Standard Chartered asked to pay Rs.50,000 compensationFebruary 16th, 2008 - 8:43 pm ICT by admin
New Delhi, Feb 16 (IANS) The Standard Chartered Bank has been asked by a consumer court here to pay compensation of Rs.50,000 to logistics firm Kuehne & Nagel (India) Ltd for clearing a bearer cheque of Rs.400,000 without comparing the authorised signatures. “Despite guidelines issued by the Reserve Bank of India to all banks not to make payments against bearer cheques of heavy amounts above Rs.50,000, the bank cleared the cheque of Rs.400,000 without carefully comparing the signatures of the signatory with the specimen signatures, so the bank is held guilty for deficiency in service,” Justice J.D. Kapoor of the Delhi State Consumer Disputes Redressal Commission said in his order.
However, the bank pleaded that the firm, being a highly valued customer, was not to be treated at par with others in such type of payments. Thus, there was no practice of ensuring from the customer whether such a cheque had been issued and, therefore, the bank could not be held guilty for any deficiency in service.
But the commission rejected Standard Chartered Bank’s plea, asserting that protecting the interest of the consumer was more important than the bank’s practice.
Kuehne & Nagel (India) Ltd had opened a current account with the bank in 1998 with the signatures of three authorised signatories.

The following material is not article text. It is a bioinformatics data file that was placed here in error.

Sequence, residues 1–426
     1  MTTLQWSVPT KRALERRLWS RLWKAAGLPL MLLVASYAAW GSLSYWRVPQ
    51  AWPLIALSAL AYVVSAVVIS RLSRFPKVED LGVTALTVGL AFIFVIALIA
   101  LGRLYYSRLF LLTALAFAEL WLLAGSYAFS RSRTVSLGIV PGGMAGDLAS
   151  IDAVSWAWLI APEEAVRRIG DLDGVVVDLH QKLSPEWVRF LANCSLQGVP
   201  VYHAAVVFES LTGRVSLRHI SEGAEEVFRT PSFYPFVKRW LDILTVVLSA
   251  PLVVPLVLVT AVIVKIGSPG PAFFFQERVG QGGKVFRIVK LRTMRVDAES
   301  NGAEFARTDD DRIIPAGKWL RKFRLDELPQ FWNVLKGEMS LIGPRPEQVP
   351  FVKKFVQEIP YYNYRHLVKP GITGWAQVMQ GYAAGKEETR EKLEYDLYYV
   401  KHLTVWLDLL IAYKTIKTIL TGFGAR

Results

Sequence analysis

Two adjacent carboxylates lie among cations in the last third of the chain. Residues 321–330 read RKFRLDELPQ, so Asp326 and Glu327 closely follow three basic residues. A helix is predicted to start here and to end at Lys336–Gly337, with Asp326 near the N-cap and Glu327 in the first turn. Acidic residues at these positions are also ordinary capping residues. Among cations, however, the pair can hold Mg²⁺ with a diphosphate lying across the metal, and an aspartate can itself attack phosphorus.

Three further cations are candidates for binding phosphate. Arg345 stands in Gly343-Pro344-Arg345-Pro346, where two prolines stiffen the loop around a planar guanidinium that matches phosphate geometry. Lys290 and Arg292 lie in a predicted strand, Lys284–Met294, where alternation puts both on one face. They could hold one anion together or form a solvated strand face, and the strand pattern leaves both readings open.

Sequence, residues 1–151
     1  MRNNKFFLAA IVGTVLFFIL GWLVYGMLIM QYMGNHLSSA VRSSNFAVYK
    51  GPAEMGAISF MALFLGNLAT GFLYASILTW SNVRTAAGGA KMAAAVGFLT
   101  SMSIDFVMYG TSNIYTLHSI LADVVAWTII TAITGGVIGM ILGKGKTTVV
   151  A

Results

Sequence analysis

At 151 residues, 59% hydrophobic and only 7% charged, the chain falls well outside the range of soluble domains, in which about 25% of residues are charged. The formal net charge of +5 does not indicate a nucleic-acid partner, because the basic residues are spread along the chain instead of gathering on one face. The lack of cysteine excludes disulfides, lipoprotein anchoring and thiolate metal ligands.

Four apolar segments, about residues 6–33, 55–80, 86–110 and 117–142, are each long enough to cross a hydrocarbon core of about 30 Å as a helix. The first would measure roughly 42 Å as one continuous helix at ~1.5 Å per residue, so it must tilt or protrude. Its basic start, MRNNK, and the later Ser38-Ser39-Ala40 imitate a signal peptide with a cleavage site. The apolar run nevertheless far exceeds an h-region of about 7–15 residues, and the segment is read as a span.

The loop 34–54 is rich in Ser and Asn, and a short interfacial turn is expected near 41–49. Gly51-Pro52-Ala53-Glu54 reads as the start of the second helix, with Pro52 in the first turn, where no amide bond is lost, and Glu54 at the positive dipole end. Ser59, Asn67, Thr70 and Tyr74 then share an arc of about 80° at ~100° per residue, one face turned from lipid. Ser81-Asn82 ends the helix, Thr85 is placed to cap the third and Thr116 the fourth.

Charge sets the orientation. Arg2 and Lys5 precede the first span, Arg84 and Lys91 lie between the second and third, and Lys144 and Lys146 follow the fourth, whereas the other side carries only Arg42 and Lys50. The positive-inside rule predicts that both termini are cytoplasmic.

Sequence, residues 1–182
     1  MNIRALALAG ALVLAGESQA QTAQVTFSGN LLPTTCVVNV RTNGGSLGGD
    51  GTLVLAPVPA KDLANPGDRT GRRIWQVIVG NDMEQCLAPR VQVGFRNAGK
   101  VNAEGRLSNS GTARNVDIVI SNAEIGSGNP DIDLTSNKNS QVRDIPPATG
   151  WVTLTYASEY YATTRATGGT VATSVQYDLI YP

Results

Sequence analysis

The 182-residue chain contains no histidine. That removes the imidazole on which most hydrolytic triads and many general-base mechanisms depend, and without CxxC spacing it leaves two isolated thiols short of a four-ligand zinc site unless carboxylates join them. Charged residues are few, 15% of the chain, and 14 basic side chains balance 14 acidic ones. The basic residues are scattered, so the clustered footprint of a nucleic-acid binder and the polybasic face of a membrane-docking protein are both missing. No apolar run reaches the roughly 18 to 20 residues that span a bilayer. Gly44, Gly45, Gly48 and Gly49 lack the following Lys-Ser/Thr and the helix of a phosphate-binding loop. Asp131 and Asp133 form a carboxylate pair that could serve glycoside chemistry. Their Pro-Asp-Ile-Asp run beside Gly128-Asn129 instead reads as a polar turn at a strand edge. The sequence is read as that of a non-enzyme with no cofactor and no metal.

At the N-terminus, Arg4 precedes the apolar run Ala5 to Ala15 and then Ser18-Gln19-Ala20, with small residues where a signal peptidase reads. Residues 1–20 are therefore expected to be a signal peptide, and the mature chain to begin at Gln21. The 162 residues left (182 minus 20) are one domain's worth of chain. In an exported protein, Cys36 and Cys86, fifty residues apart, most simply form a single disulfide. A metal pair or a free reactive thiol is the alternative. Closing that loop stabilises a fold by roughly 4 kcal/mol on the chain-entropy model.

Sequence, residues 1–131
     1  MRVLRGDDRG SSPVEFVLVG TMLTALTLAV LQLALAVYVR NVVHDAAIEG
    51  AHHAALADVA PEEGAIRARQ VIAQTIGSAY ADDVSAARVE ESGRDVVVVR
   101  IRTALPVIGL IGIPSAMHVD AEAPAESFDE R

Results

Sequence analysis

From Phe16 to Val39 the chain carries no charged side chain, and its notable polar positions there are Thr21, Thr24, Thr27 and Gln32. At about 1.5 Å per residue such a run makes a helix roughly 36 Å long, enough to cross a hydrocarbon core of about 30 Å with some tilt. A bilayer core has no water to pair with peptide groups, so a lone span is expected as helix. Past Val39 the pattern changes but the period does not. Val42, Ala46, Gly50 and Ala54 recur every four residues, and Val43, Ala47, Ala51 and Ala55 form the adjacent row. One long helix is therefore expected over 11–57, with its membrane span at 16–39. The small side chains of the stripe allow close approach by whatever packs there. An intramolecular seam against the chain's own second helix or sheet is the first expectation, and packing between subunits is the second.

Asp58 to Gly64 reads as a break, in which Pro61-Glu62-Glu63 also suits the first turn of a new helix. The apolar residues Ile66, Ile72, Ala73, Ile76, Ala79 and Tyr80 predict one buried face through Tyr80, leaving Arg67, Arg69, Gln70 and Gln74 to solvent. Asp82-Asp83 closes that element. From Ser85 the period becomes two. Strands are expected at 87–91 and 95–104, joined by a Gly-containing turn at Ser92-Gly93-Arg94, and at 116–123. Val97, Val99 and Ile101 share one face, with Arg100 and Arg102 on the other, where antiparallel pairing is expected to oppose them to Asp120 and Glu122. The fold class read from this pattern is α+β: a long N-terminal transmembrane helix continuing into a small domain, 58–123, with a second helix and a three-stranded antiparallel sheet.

During the period in which the Rs.400,000 cheque was cleared, two of the authorised signatories were out of town and the third signatory had instructed the bank to clear cheques with the signatures of one authorised signatory.
About a week later, when the company received its weekly statement from the bank, it was noticed that its account had been debited in excess of Rs.400,000. Later, this amount was found to have been withdrawn Dec 31, 1999, via a bearer cheque that was neither issued by the firm nor signed by any of the authorised signatories. In fact, the company had never issued a bearer cheque of such a heavy amount.
“Practice of a bank is one thing but to protect the interest of consumers to rule out any offence or fraud, particularly when the payment is to be made across the counter, is another thing. Every service provider is required to take abundant precaution before any loss is occurred to its valued customer,” Justice Kapoor ruled.
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